Gary Shapiro is president and chief executive of the Consumer Electronics Association, the Arlington-based trade association representing more than 2,000 consumer electronics companies. This excerpt is taken from his recent book: “The Comeback: How Innovation Will Restore the American Dream.”

Almost every week, I experience a tale of two cities as I travel from Washington, D.C., to Detroit to see my wife and toddler son. For Washington, it is the best of times.

The Washington economy is supercharged by the inflow of new federal government spending and the legal and lobbying business generated by the government proposing and issuing new federal laws and regulations. Even the quiet missions of Washington trade associations are growing as the government rushes to legislate and regulate.

For Detroit, it is the worst of times and has been for some time. Over the last fifty years, the city has lost more than half its population. As they say, people vote with their feet, and the flight from Detroit mirrors a larger national trend, with states like Michigan, New York, and Illinois suffering net population losses over the past ten years. People go where there’s opportunity, and there simply isn’t any in Detroit.

Of course, Detroit’s decline is tied to the absolute and relative decline of the Big Three auto manufacturers, which remain the city’s largest employers. Fifty years ago, these distinctly American companies were the Dells, Microsofts, and Apples of the American economy. Although the United States didn’t invent the automobile, this country made it its own—indeed, never in the history of mankind had such an advanced technological achievement been available to so many.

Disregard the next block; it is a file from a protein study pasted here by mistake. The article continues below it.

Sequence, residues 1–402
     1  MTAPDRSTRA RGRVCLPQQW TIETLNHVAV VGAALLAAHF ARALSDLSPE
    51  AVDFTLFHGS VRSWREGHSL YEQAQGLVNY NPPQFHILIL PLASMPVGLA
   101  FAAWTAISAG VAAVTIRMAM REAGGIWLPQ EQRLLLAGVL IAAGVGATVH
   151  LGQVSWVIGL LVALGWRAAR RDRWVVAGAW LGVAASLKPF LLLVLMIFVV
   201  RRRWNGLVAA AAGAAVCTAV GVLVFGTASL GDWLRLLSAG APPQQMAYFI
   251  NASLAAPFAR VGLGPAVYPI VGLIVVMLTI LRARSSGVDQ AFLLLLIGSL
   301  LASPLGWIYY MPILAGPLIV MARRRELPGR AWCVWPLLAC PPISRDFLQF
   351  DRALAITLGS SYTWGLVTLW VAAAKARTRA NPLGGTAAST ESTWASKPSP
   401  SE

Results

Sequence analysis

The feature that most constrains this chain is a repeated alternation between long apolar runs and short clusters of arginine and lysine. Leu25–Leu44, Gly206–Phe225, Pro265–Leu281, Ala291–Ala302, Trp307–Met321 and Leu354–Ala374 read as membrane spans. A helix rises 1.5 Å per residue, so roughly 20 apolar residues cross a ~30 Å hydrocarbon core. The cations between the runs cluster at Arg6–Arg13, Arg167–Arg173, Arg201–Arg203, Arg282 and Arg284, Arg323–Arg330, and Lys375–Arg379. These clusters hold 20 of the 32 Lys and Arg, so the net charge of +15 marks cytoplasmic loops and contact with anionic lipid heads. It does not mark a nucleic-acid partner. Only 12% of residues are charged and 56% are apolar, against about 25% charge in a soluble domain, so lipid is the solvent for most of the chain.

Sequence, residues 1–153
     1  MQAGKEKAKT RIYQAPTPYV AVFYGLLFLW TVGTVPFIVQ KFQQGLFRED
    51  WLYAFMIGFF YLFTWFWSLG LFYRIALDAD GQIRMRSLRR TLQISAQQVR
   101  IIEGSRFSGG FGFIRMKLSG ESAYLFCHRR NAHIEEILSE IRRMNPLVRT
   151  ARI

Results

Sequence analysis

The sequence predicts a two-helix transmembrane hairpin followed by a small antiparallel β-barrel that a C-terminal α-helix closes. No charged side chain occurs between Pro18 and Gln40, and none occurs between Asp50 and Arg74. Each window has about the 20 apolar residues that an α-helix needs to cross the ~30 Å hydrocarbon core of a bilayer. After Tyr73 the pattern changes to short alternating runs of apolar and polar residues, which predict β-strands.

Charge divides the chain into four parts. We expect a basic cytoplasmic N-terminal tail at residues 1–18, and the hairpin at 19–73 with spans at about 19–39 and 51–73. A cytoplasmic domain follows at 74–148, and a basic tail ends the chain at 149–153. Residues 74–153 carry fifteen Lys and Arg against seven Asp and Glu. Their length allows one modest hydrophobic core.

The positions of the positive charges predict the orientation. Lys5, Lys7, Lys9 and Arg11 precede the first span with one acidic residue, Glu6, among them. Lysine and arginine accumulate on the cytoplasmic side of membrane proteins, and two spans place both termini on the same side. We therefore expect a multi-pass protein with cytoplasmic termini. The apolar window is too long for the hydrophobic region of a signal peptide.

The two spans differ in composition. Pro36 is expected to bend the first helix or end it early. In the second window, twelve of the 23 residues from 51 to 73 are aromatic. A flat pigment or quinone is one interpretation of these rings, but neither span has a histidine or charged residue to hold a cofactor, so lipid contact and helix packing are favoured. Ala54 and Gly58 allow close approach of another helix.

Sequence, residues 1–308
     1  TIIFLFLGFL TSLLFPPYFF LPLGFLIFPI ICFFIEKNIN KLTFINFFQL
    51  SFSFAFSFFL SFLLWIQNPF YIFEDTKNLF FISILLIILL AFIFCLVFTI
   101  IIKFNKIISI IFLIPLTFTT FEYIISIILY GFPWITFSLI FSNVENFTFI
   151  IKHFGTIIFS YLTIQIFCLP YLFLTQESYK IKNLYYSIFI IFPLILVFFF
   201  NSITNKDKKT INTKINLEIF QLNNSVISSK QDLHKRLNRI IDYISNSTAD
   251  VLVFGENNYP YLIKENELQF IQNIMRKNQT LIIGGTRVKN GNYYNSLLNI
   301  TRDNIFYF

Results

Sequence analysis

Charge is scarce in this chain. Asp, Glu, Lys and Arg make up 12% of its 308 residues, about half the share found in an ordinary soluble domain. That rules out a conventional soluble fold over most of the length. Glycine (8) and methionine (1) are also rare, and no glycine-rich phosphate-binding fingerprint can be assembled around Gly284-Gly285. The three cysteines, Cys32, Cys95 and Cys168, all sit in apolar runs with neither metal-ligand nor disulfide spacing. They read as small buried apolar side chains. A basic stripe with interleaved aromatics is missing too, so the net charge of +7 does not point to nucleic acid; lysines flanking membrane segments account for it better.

And although the car is very much still with us, Detroit’s day is, as I look out the window, all but over. It survives only by the largesse of that other city I call home: Washington. The relative opulence of Washington compared to the distress of Detroit epitomizes a challenged nation. With apologies to Dickens, this tale of two cities is the story of the expansion of the public sector and the decay of the private sector.

Preserving the dream

If we want to preserve the American Dream, we need a framework for America’s future.

Fortunately, the way forward isn’t a total secret. It’s the same path Americans from every age have followed. We are a nation of pioneers and innovators. We aim higher and go further than any other people on the globe. We look at barriers and see opportunity; we look at our lives and want to make them better.

What separates America from any other nation on the planet? Just this: We give our citizens the freedom to succeed, or at least we used to, and we reward those who see further or more creatively than anyone else. It’s what I call innovation, and it’s the key to our current troubles. It’s what built once-great cities like Detroit, and its decline is what has ruined them. Innovation is the engine of human progress, and for the last one hundred years, America has led that progress. It’s time to lead once again.

Paper Trail is an occasional feature focusing on documents of interest to the region’s business community.